Keifer: Piracy is 'accepted norm'

Tom Keifer believes people need to be educated on how music piracy directly affects artists – and says illegally downloading music has become the “accepted norm”.

In an interview with American Blues Scene, Keifer says: “I think the problem is lack of revenue because of music being pirated, and that starts to reflect in the art itself. I was fortunate with Cinderella – it was a time when record companies had the money to stay with an artist for multiple albums. Because record companies don’t have as much money to put into artist development, these days they’re looking to them to come in already developed with a finished product.

“Piracy also contributes to those same artists who work their asses off to develop themselves and risk everything not really having any kind of return. Everyone deserves to be paid for their work.

“I think there’s a mindset of entitlement with a certain percentage of the population, but with others, I don’t think it’s intentionally done to harm anyone. People don’t think about it – it’s become the accepted norm.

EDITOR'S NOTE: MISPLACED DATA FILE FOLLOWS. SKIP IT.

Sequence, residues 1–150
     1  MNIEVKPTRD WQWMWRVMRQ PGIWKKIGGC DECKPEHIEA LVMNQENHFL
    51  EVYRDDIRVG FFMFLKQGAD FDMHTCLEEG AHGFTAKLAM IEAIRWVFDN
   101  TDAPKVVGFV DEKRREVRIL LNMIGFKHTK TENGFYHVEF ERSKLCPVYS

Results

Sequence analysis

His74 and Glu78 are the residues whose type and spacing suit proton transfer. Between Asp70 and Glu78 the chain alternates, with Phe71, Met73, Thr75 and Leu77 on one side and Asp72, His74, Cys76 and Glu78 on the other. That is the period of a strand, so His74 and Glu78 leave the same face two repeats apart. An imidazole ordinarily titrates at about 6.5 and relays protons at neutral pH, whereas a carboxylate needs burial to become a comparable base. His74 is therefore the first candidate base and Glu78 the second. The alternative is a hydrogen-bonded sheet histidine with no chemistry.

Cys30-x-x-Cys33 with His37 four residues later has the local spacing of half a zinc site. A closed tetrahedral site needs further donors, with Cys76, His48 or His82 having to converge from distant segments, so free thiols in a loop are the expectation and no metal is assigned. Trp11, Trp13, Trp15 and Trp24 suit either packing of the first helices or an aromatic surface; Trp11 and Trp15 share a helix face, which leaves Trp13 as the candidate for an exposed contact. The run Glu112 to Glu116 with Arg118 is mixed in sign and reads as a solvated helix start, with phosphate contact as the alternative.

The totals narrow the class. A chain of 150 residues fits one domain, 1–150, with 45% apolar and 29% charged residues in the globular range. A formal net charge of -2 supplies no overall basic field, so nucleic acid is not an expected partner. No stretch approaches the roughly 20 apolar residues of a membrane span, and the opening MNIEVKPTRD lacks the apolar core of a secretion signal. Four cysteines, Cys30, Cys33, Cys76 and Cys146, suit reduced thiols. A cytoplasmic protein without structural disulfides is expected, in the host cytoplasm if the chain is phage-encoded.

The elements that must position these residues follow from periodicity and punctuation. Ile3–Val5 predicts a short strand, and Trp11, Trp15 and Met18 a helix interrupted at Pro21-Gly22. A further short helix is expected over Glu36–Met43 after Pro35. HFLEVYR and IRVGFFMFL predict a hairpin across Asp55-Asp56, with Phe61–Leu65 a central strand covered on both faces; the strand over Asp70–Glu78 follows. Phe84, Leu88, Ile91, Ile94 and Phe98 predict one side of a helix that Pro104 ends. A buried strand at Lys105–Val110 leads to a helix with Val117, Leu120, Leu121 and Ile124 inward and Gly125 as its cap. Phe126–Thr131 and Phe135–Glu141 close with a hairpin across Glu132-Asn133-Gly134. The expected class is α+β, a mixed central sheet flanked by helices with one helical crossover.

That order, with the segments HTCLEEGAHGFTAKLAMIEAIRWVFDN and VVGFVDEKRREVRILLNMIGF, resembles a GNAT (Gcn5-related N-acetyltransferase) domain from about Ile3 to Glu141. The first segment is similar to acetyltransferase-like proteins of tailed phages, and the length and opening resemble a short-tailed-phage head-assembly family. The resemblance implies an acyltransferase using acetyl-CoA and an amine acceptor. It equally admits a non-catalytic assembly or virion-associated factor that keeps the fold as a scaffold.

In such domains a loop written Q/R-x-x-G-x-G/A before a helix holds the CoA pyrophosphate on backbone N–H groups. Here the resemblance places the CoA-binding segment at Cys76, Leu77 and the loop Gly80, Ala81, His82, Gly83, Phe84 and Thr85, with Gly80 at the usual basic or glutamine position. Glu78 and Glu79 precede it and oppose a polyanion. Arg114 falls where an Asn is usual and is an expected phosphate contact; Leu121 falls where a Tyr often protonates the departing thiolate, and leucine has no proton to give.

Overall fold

“I don’t know how that will change. I guess through continuing to educate people and really make them realise that ultimately it affects the art and the quality of the music they’re receiving.”

Keifer’s comments come on the back of Peter Gabriel’s view that labels can work through the current industry turmoil through the generosity of fans.

The Cinderella frontman released his debut solo album The Way Life Goes in 2013 and is currently on tour across the USA.

Scott looks after and updates Louder’s online buyer’s guides and also scouts out the best deals for music fans from every corner of the internet. He's spent more than 28 years in newspapers and magazines as an editor, production editor, sub-editor, designer, writer and reviewer. Scott joined our news desk in the summer of 2014, where he wrote extensively about rock, metal, prog and more, before moving to the eCommerce team full-time in 2020. Scott has previous written for publications including IGN, Sunday Mirror, Daily Record and The Herald covering everything from daily news and weekly features, to video games, travel and whisky.